A portable FTIR gas analyser from Gasmet has recently been used as part of a specialist space sector project to understand the potential issues facing any manned missions to Mars.
As part of a project to measure the effects of long-term isolation on astronauts, small groups of individuals have been selected to live in a tiny ‘Habitat’ perched on the upper slope of a volcano in Hawaii.
In doing so, the project team has contributed to the understanding of issues that would confront a manned mission to Mars.
As part of the project’s research, NASA’s Anne Caraccio studied off-gases from the crew’s trash with a portable Gasmet FTIR gas analyser.
The work was undertaken during the second of four HI-SEAS (Hawaii Space Exploration Analogue and Simulation) missions which involved living with five other crew members for a period of 120 days, in a two-story solar-powered dome just 11m in diameter and with a small attached workshop the size of a shipping container.
In addition to the completion of a range of tasks that were set by the project, each crew member conducted their own research, which in Caraccio’s case was known as ‘Trash to Gas’ – a programme working on the development of a reactor to convert waste from long-duration missions into useful commodities such as water, life-support oxygen, and rocket propellant.
“Waste from the crew’s everyday activities are routinely sorted and stored, but we need to know the composition of the off-gases from these materials for health and safety reasons, and also to determine whether these gases could be utilised beneficially,” Caraccio reported.
‘Not rocket science’
Since the FTIR gas analyser is portable (14Kg), Caraccio was able to conduct additional monitoring both inside and outside the Habitat in order to compare data with the waste off-gas measurements.
“Size, weight and portability are obviously of major importance on a project such as this, but the main advantage of this technology was its ability to measure a large number of compounds simultaneously; I measured 24 VOCs such as acetaldehyde, methane and ethylene, but the instrument also stores spectra for the measurements so it is possible to retrospectively analyse data if it becomes necessary to look for a particular compound at a later stage.”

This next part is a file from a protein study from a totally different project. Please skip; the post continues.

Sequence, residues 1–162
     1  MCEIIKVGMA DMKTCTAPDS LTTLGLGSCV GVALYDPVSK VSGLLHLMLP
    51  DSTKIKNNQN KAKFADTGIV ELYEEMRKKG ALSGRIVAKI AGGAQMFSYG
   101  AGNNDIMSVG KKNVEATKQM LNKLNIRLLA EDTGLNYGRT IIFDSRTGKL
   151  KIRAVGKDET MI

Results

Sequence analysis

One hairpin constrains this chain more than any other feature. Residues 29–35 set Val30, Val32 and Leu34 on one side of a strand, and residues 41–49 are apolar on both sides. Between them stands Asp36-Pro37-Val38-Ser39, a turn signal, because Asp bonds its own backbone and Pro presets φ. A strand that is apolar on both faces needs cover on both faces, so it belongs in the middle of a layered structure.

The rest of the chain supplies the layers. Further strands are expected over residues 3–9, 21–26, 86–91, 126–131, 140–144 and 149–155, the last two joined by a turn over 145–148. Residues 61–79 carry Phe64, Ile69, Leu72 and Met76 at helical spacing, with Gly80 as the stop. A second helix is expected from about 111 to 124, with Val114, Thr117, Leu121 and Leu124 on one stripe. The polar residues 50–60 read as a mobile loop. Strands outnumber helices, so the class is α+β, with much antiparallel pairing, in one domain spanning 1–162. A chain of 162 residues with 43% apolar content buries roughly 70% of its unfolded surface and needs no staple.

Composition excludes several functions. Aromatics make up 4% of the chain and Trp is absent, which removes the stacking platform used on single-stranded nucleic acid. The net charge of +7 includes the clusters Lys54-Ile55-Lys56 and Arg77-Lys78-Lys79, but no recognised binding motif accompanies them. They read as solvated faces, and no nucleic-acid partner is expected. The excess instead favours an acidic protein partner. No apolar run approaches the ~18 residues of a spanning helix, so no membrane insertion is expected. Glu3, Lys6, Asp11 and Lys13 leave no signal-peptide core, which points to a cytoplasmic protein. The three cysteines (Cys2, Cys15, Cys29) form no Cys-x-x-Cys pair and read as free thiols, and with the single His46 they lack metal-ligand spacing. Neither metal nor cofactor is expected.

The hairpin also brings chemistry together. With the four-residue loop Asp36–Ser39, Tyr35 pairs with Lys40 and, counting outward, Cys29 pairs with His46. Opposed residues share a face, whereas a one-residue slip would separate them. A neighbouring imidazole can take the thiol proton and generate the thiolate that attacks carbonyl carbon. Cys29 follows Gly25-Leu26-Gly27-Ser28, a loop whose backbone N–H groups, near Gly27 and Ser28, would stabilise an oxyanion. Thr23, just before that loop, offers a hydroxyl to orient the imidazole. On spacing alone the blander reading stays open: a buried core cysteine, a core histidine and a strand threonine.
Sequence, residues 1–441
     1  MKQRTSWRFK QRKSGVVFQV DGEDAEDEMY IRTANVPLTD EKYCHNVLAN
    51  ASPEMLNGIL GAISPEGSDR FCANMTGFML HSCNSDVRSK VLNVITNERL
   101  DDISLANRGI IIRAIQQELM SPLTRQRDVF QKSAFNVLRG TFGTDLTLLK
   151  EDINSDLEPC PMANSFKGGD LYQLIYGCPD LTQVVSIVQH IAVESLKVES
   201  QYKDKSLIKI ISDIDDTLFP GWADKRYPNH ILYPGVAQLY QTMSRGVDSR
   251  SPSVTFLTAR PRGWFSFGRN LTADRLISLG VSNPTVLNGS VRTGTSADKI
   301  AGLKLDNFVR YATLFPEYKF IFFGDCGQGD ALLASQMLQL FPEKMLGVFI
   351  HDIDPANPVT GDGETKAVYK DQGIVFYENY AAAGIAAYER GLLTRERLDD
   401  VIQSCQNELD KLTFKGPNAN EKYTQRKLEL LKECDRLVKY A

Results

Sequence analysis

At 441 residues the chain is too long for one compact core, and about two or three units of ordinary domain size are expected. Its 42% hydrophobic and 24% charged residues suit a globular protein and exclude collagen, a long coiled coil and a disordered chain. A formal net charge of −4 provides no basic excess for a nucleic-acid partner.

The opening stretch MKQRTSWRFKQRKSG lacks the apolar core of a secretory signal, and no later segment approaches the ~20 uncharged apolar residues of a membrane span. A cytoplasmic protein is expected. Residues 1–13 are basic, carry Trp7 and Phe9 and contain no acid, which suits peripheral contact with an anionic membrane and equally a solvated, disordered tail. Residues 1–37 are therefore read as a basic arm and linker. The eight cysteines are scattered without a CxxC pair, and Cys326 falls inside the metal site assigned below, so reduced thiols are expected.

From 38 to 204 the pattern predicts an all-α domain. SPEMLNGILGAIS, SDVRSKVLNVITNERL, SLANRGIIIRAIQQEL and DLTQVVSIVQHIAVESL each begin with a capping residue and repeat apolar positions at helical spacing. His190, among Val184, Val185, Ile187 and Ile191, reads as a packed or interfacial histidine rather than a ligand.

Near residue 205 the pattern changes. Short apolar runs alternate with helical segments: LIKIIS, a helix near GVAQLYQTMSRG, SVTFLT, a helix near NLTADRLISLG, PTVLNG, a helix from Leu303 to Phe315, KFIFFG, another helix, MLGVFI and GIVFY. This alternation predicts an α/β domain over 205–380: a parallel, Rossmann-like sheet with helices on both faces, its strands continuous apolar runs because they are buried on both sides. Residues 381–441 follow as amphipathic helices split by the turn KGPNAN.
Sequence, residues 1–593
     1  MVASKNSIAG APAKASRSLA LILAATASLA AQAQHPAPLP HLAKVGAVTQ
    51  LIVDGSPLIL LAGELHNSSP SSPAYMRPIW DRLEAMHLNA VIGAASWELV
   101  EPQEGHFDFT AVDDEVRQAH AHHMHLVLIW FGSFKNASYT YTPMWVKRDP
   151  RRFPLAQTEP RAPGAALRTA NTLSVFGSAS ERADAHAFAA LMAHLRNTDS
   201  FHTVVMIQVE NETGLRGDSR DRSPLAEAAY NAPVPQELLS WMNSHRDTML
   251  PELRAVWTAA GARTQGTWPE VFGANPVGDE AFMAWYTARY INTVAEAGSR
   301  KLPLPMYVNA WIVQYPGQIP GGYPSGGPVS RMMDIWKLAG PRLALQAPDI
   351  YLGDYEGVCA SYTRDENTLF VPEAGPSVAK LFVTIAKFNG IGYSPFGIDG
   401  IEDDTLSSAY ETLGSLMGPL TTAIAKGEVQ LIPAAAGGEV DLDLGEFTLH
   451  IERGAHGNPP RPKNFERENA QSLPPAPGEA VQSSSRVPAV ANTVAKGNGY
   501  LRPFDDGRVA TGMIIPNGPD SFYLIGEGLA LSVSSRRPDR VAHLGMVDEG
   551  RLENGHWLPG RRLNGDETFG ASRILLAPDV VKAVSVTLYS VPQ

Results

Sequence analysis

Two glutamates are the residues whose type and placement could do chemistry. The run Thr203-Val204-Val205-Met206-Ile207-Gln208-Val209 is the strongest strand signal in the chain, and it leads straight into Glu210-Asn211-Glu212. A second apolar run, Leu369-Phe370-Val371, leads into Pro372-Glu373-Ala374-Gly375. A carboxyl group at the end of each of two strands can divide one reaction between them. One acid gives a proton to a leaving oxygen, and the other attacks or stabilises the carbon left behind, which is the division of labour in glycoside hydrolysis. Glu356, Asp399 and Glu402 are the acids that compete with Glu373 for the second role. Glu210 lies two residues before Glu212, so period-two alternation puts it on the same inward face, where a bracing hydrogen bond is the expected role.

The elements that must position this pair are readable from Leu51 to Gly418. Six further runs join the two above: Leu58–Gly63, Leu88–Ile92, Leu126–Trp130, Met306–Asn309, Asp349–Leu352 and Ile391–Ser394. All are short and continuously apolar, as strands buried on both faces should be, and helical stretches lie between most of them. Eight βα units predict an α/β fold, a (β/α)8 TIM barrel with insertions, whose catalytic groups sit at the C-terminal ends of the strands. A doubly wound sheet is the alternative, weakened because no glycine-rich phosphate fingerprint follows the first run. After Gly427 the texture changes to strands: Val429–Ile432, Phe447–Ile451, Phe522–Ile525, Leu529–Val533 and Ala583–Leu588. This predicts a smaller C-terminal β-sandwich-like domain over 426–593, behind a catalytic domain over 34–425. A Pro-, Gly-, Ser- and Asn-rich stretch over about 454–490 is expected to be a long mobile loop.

“We usually tell prospective customers that advanced FTIR technology is simple to use; ‘it’s not rocket science’ we tell them, so I guess we will have to rephrase that now…”
The FTIR gas analyser, a DX4040, was supplied by Gasmet Technologies and the company’s Jim Cornish added, “We were very pleased to be able to help with this project. The simultaneous monitoring of multiple compounds is a common application for our FTIR analysers, however, they are usually employed measuring gases in stack emissions, industrial processes, greenhouse gas research and in hazmat scenarios.”
“We usually tell prospective customers that advanced FTIR technology is simple to use; ‘it’s not rocket science’ we tell them, so I guess we will have to rephrase that now.”
The waste produced during the HI-SEAS mission was measured during the entire mission, although this was for a shorter period than would be expected of an actual long duration mission. The Trash-to-Gas reactor processed HI-SEAS waste simulant at the Kennedy Space Centre with results demonstrating that a future reactor would be most efficient with specific material processing cycles to maximise the desired output. Automation will also be needed in the future Trash-to-Gas reactor, as the current technology would require too much of a crew member’s logistical time.
The Trash-to-Gas reactor first converts waste into carbon dioxide, which is then mixed with hydrogen in a Sabatier reaction to produce methane and water. The Kennedy Space Centre Trash-to-Gas reactor processed three waste types and produced 9% of the power that would have been needed during the HI-SEAS mission.
The third Hi-SEAS mission began on 15th October 2014, with a six-member crew conducting a similar mission – with the exception that it will last for eight months.